The Department of Justice on Wednesday informed Speaker Nancy Pelosi (D-CA) they would not hold Attorney General William Barr and Commerce Secretary Wilbur Ross in contempt of Congress for failing to produce documents related to Congressional subpoenas.
According to Deputy Attorney General Jeffrey Rosen, the author of Wednesday's letter, said federal courts realized the sensitivity of documents relating to the Trump administration's decision to ask a citizenship question on the 2020 Census. The documents were privileged, meaning they couldn't be used in civil litigation.
Despite that, the Oversight Committee received roughly 30,000 pages of documents relating to the policy decision.
"The Department of Justice's long-standing position is that we will not prosecute an official for contempt of Congress for declining to provide information subject to a presidential assertion of executive privilege," Rosen wrote. "Across administrations of both parties, we have consistently adhered to the position that 'the contempt of Congress statute was not intended to apply and could not constitutionally be applied to an Executive Branch official who asserts the President's claim of executive privilege.'"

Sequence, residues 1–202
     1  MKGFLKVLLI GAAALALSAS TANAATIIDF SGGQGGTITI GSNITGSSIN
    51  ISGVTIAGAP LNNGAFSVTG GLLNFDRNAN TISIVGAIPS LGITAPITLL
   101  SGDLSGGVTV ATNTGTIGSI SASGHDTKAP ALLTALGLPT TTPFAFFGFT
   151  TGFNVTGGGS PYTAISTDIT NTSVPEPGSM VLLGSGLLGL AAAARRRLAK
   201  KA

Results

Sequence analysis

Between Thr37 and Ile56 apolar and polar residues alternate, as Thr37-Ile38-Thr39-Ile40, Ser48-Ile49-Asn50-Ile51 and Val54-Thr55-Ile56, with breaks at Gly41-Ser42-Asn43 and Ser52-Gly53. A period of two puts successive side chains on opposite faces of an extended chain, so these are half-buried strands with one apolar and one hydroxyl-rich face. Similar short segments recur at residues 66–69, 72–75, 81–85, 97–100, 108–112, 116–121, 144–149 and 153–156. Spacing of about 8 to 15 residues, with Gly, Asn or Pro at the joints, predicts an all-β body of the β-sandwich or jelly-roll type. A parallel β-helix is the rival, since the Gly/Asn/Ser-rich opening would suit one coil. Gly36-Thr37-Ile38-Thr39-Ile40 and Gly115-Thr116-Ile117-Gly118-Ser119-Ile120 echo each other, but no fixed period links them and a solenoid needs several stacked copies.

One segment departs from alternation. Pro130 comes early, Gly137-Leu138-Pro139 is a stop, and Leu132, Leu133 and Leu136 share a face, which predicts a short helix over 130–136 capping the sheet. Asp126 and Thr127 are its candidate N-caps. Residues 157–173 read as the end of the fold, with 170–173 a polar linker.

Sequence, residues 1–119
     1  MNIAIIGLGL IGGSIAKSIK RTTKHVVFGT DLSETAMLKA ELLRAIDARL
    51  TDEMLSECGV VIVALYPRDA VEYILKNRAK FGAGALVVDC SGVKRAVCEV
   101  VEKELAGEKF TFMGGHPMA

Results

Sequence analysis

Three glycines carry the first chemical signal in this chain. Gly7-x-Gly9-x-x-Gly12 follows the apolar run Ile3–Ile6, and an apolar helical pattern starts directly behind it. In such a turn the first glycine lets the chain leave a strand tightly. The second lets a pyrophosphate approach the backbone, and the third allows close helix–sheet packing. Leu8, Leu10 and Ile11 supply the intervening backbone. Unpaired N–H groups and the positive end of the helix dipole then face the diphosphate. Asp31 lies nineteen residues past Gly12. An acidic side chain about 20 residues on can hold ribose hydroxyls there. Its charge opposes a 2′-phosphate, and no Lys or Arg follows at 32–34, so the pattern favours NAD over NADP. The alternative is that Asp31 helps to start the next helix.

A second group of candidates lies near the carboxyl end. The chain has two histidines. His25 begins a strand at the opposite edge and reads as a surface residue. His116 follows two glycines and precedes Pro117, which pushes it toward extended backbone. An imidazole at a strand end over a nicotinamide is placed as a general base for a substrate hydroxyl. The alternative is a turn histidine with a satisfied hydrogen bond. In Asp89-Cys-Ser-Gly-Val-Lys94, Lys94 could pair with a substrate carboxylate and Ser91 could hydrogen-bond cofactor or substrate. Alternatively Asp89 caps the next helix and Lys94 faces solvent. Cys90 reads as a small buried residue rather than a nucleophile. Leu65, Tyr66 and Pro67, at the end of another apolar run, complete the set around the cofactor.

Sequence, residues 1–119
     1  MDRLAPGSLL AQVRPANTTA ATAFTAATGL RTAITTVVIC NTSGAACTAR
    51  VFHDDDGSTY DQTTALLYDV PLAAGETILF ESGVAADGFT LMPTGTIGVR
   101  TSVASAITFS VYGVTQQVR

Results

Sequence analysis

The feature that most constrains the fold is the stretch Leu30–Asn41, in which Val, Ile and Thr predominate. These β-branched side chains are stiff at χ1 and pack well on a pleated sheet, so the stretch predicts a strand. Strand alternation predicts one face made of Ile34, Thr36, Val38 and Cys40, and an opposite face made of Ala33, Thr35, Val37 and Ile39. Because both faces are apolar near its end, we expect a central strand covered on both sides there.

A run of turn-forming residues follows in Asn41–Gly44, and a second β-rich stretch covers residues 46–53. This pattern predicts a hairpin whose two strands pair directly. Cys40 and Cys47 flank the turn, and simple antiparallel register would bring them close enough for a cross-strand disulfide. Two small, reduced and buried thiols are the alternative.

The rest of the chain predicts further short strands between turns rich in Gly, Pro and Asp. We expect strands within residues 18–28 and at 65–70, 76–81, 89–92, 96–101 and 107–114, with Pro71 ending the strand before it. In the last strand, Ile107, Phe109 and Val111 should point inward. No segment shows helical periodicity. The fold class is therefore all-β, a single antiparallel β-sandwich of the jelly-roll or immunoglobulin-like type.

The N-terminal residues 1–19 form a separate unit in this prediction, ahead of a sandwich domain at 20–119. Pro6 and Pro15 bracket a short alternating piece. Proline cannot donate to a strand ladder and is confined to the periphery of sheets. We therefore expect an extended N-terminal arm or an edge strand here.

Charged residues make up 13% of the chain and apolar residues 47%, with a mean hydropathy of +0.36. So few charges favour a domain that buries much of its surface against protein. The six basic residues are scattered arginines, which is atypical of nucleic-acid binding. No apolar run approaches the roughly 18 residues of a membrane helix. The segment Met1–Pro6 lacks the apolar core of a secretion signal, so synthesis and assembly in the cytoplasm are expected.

Rosen cites multiple other instances where Department of Justice officials were not held in contempt for failing to respond to Congressional subpoenas. The most recent example was when the Republican-controlled House attempted to hold then-Attorney General Eric Holder in contempt for failing to to comply with Congressional subpoenas related to Fast and Furious, the gunrunning case that left Border Patrol Agent Brian Terry dead.